Wry face, a distortion of the countenance indicating impatience, disgust, or discomfort; a grimace.

(Wry), v. i.

1. To twist; to writhe; to bend or wind.

2. To deviate from the right way; to go away or astray; to turn side; to swerve.

This Phebus gan awayward for to wryen.

How many
Must murder wives much better than themselves
For wrying but a little!

(Wry), v. t. [imp. & p. p. Wried; p. pr. & vb. n. Wrying.] [OE. wrien. See Wry, a.] To twist; to distort; to writhe; to wrest; to vex. Sir P. Sidney.

Guests by hundreds, not one caring
If the dear host's neck were wried.
R. Browning.

(Wry"bill`) n. (Zoöl.) See Crookbill.

(Wry"mouth`) n. (Zoöl.) Any one of several species of large, elongated, marine fishes of the genus Cryptacanthodes, especially C. maculatus of the American coast. A whitish variety is called ghostfish.

(Wry"neck) n. (Med.)

1. A twisted or distorted neck; a deformity in which the neck is drawn to one side by a rigid contraction of one of the muscles of the neck; torticollis.

2. (Zoöl.) Any one of several species of Old World birds of the genus Jynx, allied to the woodpeckers; especially, the common European species (J. torguilla); — so called from its habit of turning the neck around in different directions. Called also cuckoo's mate, snakebird, summer bird, tonguebird, and writheneck.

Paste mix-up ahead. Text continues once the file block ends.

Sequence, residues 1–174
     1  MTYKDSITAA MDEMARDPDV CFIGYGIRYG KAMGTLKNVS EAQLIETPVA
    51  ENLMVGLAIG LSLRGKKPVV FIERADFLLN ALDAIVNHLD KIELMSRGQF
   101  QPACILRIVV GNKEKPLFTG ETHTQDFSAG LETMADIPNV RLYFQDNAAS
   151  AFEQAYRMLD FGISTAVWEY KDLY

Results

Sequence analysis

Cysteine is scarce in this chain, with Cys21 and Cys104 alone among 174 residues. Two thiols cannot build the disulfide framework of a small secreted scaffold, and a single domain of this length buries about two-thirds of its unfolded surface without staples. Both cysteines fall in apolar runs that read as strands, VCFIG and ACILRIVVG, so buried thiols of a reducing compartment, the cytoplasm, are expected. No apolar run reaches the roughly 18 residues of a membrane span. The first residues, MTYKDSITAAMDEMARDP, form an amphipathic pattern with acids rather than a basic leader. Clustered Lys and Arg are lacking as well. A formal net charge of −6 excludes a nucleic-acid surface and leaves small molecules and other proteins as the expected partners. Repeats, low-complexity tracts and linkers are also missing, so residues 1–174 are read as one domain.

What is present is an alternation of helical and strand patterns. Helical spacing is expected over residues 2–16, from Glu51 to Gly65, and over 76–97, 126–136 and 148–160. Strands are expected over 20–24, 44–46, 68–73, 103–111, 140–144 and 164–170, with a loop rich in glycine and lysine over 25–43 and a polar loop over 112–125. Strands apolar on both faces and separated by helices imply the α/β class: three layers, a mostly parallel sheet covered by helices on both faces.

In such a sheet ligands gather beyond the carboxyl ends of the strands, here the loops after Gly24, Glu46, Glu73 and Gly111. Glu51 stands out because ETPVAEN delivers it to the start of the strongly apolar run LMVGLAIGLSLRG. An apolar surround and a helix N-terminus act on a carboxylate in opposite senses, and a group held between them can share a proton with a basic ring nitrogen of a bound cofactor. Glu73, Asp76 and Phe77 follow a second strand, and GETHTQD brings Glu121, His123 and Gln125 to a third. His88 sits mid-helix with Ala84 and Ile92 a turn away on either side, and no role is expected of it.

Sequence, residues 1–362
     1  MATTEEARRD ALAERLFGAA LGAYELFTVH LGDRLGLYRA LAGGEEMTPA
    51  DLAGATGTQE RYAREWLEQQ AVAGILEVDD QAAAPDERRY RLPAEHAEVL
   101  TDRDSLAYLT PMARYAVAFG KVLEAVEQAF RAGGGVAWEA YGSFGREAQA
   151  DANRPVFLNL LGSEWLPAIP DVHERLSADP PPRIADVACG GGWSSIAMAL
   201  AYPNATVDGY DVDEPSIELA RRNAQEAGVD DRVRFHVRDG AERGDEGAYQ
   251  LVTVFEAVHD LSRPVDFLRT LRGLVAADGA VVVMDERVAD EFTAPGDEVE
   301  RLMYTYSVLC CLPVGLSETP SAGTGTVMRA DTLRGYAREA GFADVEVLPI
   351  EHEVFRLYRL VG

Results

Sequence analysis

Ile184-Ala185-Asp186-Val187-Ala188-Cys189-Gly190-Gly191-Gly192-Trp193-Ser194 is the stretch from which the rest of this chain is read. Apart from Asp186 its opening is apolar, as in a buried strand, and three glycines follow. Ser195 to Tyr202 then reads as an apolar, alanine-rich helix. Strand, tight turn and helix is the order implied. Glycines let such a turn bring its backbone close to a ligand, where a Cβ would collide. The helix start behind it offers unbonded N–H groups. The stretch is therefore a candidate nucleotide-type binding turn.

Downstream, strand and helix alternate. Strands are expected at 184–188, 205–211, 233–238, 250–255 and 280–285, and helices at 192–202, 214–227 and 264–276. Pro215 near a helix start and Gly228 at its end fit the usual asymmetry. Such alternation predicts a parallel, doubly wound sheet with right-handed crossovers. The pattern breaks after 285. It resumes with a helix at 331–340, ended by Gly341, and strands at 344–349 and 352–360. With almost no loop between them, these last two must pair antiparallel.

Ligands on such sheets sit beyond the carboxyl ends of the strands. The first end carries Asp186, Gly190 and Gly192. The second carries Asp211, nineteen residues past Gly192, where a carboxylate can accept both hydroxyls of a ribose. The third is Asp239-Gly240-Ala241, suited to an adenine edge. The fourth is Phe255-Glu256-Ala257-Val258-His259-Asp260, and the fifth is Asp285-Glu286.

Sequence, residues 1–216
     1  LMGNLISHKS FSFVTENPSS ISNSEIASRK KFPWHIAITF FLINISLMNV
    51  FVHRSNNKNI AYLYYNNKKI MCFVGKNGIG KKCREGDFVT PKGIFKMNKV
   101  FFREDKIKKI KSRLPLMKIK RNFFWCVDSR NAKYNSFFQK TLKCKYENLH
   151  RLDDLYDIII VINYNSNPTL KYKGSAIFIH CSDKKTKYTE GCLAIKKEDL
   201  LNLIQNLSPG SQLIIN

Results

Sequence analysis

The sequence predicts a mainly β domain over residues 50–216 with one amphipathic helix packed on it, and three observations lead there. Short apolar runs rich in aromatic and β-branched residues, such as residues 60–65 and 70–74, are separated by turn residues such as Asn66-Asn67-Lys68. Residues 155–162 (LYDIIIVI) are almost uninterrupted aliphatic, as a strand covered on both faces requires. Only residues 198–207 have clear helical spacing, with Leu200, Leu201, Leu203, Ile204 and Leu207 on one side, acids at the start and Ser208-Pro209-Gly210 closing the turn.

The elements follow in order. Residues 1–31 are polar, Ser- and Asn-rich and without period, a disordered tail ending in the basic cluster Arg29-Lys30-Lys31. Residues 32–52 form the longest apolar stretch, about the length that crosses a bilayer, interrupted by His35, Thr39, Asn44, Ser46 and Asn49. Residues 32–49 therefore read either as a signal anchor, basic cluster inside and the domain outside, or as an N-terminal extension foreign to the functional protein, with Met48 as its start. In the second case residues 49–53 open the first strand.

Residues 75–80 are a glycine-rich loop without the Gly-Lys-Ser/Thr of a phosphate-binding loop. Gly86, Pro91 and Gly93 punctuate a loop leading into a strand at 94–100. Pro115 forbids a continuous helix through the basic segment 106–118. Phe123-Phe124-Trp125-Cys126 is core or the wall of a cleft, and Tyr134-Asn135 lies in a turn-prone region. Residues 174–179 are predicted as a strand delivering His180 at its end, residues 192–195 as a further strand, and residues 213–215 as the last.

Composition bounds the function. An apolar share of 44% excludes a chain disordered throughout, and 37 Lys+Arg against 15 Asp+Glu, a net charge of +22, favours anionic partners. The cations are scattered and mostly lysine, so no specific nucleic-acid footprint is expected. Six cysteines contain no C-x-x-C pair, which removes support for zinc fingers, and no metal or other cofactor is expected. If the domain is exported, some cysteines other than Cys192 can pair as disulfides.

(Wry"necked`) a. Having a distorted neck; having the deformity called wryneck.

(Wry"ness), n. The quality or state of being wry, or distorted. W. Montagu.

(Wryth"en) obs. p. p. of Writhe. Writhen.

(Wul"fen*ite) n. [So named after F. X. Wulfen, an Australian mineralogist.] (Min.) Native lead molybdate occurring in tetragonal crystals, usually tabular, and of a bright orange-yellow to red, gray, or brown color; — also called yellow lead ore.

(Wull) v. t. & i. See 2d Will.

Pour out to all that wull.

(Wung"-out`) a. Having the sails set in the manner called wing-and-wing. [Sailors' slang]

2. Hence, deviating from the right direction; misdirected; out of place; as, wry words.

Not according to the wry rigor of our neighbors, who never take up an old idea without some extravagance in its application.

3. Wrested; perverted.

He . . . puts a wry sense upon Protestant writers.

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